This fly was an Ohio favorite. Hugh Hardy, a Columbus
native, writes the following in a letter to Mary Orvis
"From this time [June 15th] until the last of
September I never rig a cast without a Gov. Alvord as
one of them. I have had phenomenal luck with this fly
during the last three years. I remember, just this last
September, when I took in an hour's fishing six nice
black bass, and every one of them with the Gov. Alvord."
Mr. Hardy was not alone in a group of correspondents singing
the praises of the Governor Alvord as a first rate fly for
black bass (small-mouth to you and me). Throughout
Favorite Flies and Their Histories there are
enough references to the fly that I've decided that the next
time I fish the Olentangy River here in Columbus, I'm going
to give it a go myself. I'm not sure what the magical properties
are, but this fly appears to have some.
Not to be confused with the fly "The Governor," the Gov. Alvord
is always referred to as "Gov.". It was named after the Lieutenant
Governor of New York. The fly "The Governor," (shown on the right),
while similar in many respects, is listed in Favorite Flies
as a trout fly. Both flies sport the body of peacock herl, but The
Governor has a single wing of hen peacock, while the Gov. Alvord
has more of a "built wing" to use the salmon fly vernacular.
In addition, the Governor is a quite old English fly actually,
while the Gov. Alvord was developed here in the states. You might
say that the Gov. Alvord is something of an enhancement of the
Terry Hellekson in his book Fish Flies has dug
up an interesting article from a Syracuse N.Y. newspaper
recounting the exploits of Governor Alvord over the course
of one fishing season. This might just go down as one of the
greatest fish stories ever told, and reads as follows:
"Governor Alvord, who has returned to Syracuse from his summer
St. Lawrence home, thus triumphantly sums up his season's catch
of fish: Black bass, 2,309; rock bass, 1,762; pickerel, 373;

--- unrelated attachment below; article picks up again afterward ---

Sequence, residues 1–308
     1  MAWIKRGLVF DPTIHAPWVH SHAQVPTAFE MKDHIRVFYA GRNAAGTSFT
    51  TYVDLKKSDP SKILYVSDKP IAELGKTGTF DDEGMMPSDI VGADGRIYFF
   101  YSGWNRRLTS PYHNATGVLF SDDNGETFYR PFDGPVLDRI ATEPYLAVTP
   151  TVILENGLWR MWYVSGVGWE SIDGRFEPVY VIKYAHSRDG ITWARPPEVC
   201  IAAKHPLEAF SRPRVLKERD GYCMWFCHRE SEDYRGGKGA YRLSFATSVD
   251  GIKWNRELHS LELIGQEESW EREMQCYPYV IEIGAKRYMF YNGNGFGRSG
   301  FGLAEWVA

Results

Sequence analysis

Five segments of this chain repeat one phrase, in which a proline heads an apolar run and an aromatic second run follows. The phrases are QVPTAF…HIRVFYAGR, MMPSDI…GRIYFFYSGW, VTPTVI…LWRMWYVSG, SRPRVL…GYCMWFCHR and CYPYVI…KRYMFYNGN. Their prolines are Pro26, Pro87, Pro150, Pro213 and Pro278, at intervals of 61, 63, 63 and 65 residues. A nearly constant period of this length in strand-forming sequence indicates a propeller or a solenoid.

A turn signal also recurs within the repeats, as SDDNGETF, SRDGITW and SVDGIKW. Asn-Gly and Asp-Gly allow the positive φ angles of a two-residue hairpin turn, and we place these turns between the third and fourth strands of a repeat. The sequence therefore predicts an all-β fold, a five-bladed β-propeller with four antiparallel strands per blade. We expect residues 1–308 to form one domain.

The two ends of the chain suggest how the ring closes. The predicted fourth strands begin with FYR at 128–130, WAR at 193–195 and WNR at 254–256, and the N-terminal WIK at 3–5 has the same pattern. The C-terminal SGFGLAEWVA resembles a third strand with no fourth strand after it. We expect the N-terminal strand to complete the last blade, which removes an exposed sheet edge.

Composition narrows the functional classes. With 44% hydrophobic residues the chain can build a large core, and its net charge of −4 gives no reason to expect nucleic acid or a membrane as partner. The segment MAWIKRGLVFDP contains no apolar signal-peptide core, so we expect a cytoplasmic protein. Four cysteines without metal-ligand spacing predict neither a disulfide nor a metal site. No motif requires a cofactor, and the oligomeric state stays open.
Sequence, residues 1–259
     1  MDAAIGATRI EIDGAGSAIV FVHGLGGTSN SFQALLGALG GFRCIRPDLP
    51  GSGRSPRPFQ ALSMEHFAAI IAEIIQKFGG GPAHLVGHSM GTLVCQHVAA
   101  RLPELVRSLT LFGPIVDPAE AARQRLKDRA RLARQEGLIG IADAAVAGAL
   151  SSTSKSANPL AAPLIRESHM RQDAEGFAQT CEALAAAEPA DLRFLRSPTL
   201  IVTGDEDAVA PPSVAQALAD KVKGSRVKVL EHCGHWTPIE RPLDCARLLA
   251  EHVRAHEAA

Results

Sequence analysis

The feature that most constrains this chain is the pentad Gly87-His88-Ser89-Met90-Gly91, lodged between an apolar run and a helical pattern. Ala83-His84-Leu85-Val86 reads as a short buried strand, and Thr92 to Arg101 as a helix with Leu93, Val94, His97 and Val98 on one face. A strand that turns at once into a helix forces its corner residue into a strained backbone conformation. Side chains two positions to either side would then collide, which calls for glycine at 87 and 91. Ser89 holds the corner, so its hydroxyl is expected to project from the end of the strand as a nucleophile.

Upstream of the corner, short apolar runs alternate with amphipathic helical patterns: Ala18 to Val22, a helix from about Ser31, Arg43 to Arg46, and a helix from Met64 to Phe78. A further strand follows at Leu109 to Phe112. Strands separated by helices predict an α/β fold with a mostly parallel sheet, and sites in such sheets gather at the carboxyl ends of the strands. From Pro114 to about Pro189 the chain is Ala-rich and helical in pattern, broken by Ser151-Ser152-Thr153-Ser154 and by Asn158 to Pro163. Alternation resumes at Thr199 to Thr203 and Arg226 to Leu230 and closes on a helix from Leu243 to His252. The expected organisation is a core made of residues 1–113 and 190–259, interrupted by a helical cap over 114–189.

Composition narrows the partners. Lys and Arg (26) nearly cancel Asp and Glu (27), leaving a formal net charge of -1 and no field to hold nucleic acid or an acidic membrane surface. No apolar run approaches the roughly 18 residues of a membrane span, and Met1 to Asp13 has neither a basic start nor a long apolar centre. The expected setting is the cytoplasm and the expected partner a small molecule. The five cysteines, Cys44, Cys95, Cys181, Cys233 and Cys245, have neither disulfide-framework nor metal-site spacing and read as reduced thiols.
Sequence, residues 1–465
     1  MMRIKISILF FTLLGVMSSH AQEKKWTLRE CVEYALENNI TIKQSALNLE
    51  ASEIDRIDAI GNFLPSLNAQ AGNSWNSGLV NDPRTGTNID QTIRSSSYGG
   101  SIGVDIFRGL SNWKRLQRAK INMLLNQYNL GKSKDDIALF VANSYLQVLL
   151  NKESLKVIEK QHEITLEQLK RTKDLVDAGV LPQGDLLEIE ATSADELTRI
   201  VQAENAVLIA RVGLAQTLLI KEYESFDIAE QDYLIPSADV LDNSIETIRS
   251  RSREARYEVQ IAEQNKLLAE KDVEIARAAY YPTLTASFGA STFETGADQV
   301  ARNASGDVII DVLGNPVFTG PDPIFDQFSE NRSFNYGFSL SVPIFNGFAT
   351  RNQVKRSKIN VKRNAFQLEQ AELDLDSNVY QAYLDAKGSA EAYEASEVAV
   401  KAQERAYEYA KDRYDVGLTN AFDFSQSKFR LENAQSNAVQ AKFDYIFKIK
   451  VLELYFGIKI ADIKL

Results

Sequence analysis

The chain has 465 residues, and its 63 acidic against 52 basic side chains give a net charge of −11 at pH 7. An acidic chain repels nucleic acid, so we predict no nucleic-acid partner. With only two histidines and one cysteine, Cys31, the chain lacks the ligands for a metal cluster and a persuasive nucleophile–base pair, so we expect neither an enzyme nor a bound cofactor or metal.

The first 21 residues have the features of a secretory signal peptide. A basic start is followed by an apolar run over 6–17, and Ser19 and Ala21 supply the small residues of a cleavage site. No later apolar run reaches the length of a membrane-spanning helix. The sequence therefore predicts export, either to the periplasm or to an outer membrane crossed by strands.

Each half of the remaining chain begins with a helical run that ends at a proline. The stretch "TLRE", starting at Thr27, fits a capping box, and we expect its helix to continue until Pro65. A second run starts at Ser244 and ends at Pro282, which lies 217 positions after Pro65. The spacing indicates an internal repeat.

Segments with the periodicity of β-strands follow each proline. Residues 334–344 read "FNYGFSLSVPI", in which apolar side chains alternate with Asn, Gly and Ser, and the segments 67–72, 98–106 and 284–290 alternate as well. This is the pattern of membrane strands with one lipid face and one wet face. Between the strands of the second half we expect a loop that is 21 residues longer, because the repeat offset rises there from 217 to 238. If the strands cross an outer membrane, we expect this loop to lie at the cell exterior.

chub, 179; all other kinds, 35; total, 5,024. Greatest day's
fish, July 1 (fly) 333."
Sure, and I'm the governor of New York. Well, it seem to have
been a good fly anyway, and here's the recipe:
Gov. Alvord per J. Edson Leonard
Wing: Cinnamon over black
Body: Peacock herl, gold tip.
Governor per J. Edson Leonard
Credits: Favorite Flies and Their Histories
by Mary Orvis Marbury; Flies by J. Edson Leonard;
Fish Flies by Terry Hellekson. ~ EA
Wing: Dark brown turkey.
Body: Peacock herl, red floss tip.
I started fly fishing as a teen in and around my hometown
of Plattsburgh, New York, primarily on the Saranac River.
I started tying flies almost immediately and spent hours
with library books written by Ray Bergman, Art Lee, and
A. J. McClane. Almost from the beginning I liked tying
just as much as I liked fishing and spent considerable
time at the vise creating hideous monstrosities that
somehow caught fish anyway. Then one day I came upon a
group of flies that had been put out at a local drug store
that had been tied by Francis Betters of Wilmington, N.Y.
My life changed that day and so did my flies, dramatically.
Even though I never met Fran back then, I've always
considered him to be one of my biggest influences.
I had a career in music for twenty years or so and didn't
fish much, though I did fish at times. The band I was with
had its fifteen seconds of fame when we were asked to be in
John Mellencamp's movie "Falling From Grace." I am the
keyboard player on the right in the country club scene in
the middle of the movie. Don't blink. It's on HBO all the
time. We got to meet big Hollywood stars and record in John's
studio. It was a blast.
So how did I wind up contributing to the Just Old Flies
column on FAOL? I'm not sure, it was something that I simply
wanted very badly to do, and they let me. Many of the old flies
take me back to the Adirondacs and my youth, and I guess I get
to relive some of it through the column. I've spent many happy
hours fishing and tying over the years, and tying these flies
brings back memories of great days on the water, and intense
hours spent looking at the flies in the fly plates in the old
books and trying to get my flies to look like them. And now,
here I am, still doing that to this day. ~ EA